Thursday, 24 October 2013

Time To Protect Your Hives!- 5 tips keeping them safe.

Photo copyright© The Hive Honey Shop 2013

There are so many things that bees need to fight off, just to stay alive. You can help these little ones by providing some added protection in October. Heres a brief check list.

1 Wire Mesh Protection
Woodpeckers love beehives. They see the insects flying out and will peck the thin areas of the wooden hive ( mainly the grooved out finger grips) until they produce a good sized hole. They feast on the bees as they emerge one at a time. They will ruin your hive and kill your bees. I have had sites that for years never had any woodpecker interest- then out of the blue all the hives over night have holes. So we need to protect the hives in the Autumn until May time, after that there are plenty of other woodland insects in abundance to interest our woodpeckers and hopefully not our hives. We cover them with smallish chicken wire mesh. It’s easy to remove if we need to inspect a hive. It keeps the woodpeckers a safe distance off our hives. They can be used for many years.

2 Mouse Excluders
Even if you have never seen a mouse- they are out there and will find your hive! A mouse excluder is a strip on metal with holes big enough for a bee to come and go, but ‘excludes’ a mouse. If these are not put on in autumn a mouse will climb into your beehive, via the entrance, and nest there eating one bee at a time until none remain.

3 Paving Slab On Roof
Gale winds can blow a roof off and your bees will get drenched with fallen rain. We did tie the roofs down but found some roofs warped in the winter weather. So we use a heavy paving slab on the top and the weight keeps the roof shape in order as well as providing additional rain guard and wind weight.

4 Fencing & Screening
As hedges die back, hives are exposed. This can present problems. If you have animals near by, they can wander up, knock hives and disturb and stress your bees, who will in turn dwindle and die. Another problem is vandals and robbing of hives. In this current time of a shortage of bees, thief of hives have risen by 25%. It is important- ‘Out Of Sight, Out of Mind’. Screening by natural  means or artificial, provide wind protection, but allows an open air flow without condensation build up.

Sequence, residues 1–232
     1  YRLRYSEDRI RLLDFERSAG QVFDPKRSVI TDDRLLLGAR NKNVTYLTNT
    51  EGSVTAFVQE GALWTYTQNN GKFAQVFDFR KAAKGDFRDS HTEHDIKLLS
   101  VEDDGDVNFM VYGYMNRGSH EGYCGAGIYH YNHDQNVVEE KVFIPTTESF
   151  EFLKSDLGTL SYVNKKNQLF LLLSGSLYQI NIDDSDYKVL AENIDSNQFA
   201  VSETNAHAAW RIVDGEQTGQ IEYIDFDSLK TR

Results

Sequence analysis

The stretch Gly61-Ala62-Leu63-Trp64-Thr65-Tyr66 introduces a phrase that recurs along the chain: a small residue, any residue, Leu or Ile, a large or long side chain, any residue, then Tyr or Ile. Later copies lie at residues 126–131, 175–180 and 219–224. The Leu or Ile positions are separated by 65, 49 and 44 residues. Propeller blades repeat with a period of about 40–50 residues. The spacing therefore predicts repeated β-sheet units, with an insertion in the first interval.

5 Match Stick Air Gap
Condensation within your hive is a bad thing! Bees die as a result of wet, dank, cold conditions. You can help them by providing ample air flow for them to expel any water vapor build up. A match stick placed across the four corners of the brood box, below the overboard provides a tiny gap, too small for wasps and other bees to enter, but large enough for a good flow through of air.

Tuesday, 15 October 2013

October Beekeeping Advice- Plan for next year now!

You should have your beehives just about closed down for the winter. We always change the brood box, floor and coverboard for nice clean dry ones. We also change over as many frames with drawn new foundation that we prepared in the summer. We like to collect full brood boxes of honey and keep these back to feed to our hives in the run up to winter. They do really well with a full fresh honey feed in October.

So planning ahead is key to successful beekeeping. Now that you have a bit of quite time it’s a perfect opportunity to gather your thoughts on how you will strive to be a better beekeeper next year. What steps can you take to ensure the well being of your bees? 
Here’s a few idea:

Pro-active measures that can be put in place.

Here at The Hive Honey Shop we all sit down and write our ‘New Season Bee Planner’. We discuss what areas we could build on, what was lacking last year, what improvements could be put in place. We make a list of equipment that needs to be repaired or replaced. We look at apiary sites that need better securing, wind hedging, animal proofing. Can a site hold more hives, less hives. What hives need to be re-queened, how will we implement nuc building and keep our strains of bees pure.

Our planner has a sort of ‘wish list’ of ideas set out month by month. We aim to be as realistic as we can and work towards achieving those goals month by month in the new year. We find that by questioning our beekeeping management we are far better prepared for the year ahead, not letting it lead us, but we lead it.

In the end our beekeepers are happier and our bees are far happier too!

Photo copyright© The Hive Honey Shop 2013